How To Build A Tin Can Waveguide Wifi Antenna

How To Build A Tin Can Waveguide Wifi Antenna

How To Build A Tin Can Waveguide Wifi Antenna 1

Want to increase your wifi wireless network range with out splurging much? A tin can waveguide wifi antenna is all you want. It will take not more than $5 US and an empty juice or drink/food tin can. Here is an idea that really works.
Things Required:

• A N-Female chassis mount connector – A connector whose one side is N-female to connect the cable with your wireless equipment and the counter side has a small brass stub for soldering on wire. You can easily find it on any electronics stores internet suppliers.

• 4 Small Bolts & Nuts – Big enough to go through the can and the connector. It is recommended to use stainless bolts and nuts. If your N-connector is already a screw on type, then nuts and bolts are not required.

• Wire – A 12 gauge copper wire of about 1.25”. The wire will stick into the brass stub in the N-connector.

• A tin can – This is quite interesting to find a can about 3″ and 3 2/3″ in diameter. The size can differ and does not have to be exact. The cans that work better include coffee cans with diameter of 6” or can of 39oz. Pringles can fall short of size and don’t work well. However if you still want them, then try looking for a can as long as possible.

Once you have collected all the parts, you antenna will be ready in next two steps that involve: drilling holes in the can to mount the probe and assembling the probe mount in can.

How To Build A Tin Can Waveguide Wifi Antenna 2


• Drill the holes in the can
The connector assembly will mount in the side of the can. The holes should be placed in the right position and place to mount the N-connector. This step is quite important and be careful while you place the hole and connect. The location can be derived from the formulas that use the frequency that the antenna will operate at and the can diameter.

You can use this calculator:

How To Build A Tin Can Waveguide Wifi Antenna


The calculations above are based on a 3.25 can diameter to calculate different diameters please go to the link below.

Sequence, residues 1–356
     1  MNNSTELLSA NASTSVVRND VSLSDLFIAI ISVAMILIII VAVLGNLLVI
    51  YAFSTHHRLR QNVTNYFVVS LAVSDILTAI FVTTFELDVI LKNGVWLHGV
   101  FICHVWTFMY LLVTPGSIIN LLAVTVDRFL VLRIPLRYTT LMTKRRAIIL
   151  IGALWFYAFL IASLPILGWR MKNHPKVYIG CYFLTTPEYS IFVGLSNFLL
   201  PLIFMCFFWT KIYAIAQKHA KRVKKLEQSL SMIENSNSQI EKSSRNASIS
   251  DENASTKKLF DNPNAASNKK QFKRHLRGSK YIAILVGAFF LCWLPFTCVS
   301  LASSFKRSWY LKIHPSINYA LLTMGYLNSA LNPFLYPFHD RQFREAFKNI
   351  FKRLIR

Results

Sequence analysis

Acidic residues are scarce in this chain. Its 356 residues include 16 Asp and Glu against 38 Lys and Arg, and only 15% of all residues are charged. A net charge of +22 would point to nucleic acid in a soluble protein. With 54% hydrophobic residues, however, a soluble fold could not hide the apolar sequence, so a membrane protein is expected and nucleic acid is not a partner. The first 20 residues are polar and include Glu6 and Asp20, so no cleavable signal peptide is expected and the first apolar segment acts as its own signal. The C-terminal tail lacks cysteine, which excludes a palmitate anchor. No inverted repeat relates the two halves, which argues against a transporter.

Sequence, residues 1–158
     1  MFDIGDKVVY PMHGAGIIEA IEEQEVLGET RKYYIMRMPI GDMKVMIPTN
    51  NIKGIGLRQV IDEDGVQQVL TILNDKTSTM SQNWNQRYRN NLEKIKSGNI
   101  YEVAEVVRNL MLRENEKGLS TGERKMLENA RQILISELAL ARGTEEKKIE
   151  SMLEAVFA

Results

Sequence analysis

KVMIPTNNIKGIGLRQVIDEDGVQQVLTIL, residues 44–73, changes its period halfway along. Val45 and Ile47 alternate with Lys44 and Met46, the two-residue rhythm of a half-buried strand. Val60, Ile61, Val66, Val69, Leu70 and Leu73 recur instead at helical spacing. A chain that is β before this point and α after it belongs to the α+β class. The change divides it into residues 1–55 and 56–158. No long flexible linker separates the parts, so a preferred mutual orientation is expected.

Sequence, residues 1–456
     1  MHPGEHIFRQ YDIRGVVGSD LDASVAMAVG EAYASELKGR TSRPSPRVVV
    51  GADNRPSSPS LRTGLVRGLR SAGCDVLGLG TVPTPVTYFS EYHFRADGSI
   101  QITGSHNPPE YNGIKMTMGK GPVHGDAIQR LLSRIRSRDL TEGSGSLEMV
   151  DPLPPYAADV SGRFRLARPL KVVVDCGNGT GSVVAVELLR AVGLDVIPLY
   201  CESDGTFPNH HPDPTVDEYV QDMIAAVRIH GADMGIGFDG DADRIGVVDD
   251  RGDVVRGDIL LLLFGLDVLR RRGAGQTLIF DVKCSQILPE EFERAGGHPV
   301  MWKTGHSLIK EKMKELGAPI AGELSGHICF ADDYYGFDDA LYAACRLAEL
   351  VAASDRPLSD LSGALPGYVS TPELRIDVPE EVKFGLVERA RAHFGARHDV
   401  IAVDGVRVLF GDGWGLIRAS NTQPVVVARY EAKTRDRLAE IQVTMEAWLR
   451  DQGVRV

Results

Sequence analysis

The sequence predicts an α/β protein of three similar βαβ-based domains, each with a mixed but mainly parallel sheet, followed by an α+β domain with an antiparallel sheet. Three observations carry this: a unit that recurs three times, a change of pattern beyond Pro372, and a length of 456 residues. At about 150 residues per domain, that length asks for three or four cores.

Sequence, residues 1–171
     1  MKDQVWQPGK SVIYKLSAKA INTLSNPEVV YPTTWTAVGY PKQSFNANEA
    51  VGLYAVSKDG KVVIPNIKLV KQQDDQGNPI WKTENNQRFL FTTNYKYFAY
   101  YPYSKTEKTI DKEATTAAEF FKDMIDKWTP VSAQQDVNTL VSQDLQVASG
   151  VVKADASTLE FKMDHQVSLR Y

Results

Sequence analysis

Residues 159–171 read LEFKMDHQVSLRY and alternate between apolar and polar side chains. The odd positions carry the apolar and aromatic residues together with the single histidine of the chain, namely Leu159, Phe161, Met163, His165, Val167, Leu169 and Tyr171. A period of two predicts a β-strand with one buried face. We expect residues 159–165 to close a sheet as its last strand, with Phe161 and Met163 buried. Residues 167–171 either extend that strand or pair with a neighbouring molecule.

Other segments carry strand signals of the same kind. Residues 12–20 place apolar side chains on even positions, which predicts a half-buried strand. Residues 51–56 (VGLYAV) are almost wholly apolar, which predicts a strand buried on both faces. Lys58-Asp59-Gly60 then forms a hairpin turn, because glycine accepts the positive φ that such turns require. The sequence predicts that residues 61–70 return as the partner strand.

You just need to enter the diameter of the can and hit the calculate button. 802.11b and 802.11g wifi networking equipment operates at a range of frequencies that range from 2.412 GHz to 2.462 GHz. It would be better if your can is longer than the ¾ Guide Wavelength.

Now mark the location on the can where you are going to punch a hole for the connector. The 1/4 Guide Wavelength digit guides you how far from the bottom metal of the can to mark the centre of the hole. Empty your can and wash it properly after removing the label. Use a scale to measure the length from the bottom level and mark a dot.

You can also use your drill machine if you have it. But make sure the size of your drill matches the size of the centre of the connector. You can also use hammer and nail. If you plan to use bolts on connector then make 4 holes for the bolts. Use your connector as a drilling guide.

• Assemble the prone and mount in can
Now you require a bit of wire and a soldering iron with a friend or a helper. Cut the wire in a way so that when it is stuck in the connector, the total length of both the brass tube and wire sticking out past the connector is about 1.21″. Try to be closer to this length.

Once you have got the correctly sized wire, solder it into the connector keeping it as straight and upright as possible. Then screw or bolt the assembly into your can when it is cooled. Keep the heads of the bolts inside the can and the nuts on the outer side to reduce the obstructions for the antenna. You are almost done.

• The final step is to connect your antenna to the wireless access point
You will require a special cable which is generally known as “Pig Tail”. The pig tail will help in connecting the wireless card with your antenna. One end of the cable will have a “N” Male connector which is just correct for your can-tenna and the other end will have a connector which is just right for your card or access point.

You will also require a wireless NIC or access point that has external antenna connector. Or else you will have to hack into the one you have to hook up the cable. Try this procedure only if you are good at soldering iron and electronics. For ease, you can try Agere Orinoco cards that have a nice antenna connector.

Finally hook up your cable and point it towards your friend’s to see how far the network is being stretched.


• This antenna involves linear polarization and it’s rotation will affect the strength of your signal. So it matters how you rotate the antenna. Try putting the connection straight down.

• Do it at your own risk.